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Skilled Scalable Services: The New Urban Bias in Economic Growth

Institute Working Paper 25 | Revised November 13, 2020

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Authors

Fabian Eckert University of California, San Diego
Sharat Ganapati Georgetown University
Conor Walsh Princeton University
Skilled Scalable Services: The New Urban Bias in Economic Growth

Abstract

Since 1980, economic growth in the U.S. has been fastest in its largest cities. We show that a group of skill- and information-intensive service industries are responsible for all of this new urban bias in recent growth. We then propose a simple explanation centered around the interaction of three factors: the disproportionate reliance of these services on information and communication technology (ICT), the precipitous price decline for ICT capital since 1980, and the preexisting comparative advantage of cities in skilled services. Quantitatively, our mechanism accounts for most of the urban biased growth of the U.S. economy in recent decades.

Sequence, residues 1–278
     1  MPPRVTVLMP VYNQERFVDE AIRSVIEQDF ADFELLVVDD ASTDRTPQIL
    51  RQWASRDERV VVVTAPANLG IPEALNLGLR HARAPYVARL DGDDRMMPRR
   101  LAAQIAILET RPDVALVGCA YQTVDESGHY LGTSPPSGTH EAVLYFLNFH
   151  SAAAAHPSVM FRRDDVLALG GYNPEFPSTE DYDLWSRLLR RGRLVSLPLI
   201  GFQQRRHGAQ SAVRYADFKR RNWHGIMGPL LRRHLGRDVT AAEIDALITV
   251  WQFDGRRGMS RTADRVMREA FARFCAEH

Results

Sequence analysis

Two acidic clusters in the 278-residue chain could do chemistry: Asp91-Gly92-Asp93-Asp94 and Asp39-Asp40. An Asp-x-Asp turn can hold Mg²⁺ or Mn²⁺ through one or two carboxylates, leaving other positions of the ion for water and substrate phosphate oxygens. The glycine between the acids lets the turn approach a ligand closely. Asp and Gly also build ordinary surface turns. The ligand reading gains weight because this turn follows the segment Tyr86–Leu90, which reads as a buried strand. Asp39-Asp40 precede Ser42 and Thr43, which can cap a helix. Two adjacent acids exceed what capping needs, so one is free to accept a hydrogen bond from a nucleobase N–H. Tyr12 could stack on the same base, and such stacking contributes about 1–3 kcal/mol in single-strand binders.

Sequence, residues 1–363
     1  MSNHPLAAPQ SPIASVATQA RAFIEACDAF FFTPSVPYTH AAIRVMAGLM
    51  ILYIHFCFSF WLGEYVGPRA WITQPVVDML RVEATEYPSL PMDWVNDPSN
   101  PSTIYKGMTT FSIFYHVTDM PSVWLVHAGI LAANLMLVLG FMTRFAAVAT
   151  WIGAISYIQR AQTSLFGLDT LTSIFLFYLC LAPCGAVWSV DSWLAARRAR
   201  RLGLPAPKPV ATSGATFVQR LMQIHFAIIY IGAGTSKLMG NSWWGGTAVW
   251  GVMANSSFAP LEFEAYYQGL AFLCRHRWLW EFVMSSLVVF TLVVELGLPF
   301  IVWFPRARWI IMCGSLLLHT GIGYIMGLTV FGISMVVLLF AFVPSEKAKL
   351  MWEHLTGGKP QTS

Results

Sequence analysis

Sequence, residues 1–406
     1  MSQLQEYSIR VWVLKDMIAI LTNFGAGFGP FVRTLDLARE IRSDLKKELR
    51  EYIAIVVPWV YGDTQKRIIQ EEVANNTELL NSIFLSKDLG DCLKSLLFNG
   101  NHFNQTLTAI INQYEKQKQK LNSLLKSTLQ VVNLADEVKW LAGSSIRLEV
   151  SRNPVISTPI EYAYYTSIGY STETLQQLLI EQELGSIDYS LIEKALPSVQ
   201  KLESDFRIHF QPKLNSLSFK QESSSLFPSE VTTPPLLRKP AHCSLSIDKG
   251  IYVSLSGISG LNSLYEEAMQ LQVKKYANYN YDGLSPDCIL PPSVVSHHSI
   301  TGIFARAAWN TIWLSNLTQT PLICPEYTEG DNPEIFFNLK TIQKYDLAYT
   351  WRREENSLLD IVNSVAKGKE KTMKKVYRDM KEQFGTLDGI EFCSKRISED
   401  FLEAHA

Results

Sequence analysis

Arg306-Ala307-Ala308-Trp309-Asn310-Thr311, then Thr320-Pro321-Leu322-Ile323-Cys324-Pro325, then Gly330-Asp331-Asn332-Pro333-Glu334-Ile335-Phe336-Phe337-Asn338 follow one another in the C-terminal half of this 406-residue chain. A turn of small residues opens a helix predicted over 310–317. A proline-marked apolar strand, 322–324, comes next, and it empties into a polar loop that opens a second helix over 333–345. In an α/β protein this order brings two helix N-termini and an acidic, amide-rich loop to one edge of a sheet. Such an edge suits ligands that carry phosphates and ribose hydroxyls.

This paper previously circulated with the title "Skilled Tradable Services: The Transformation of U.S. High-Skill Labor Markets."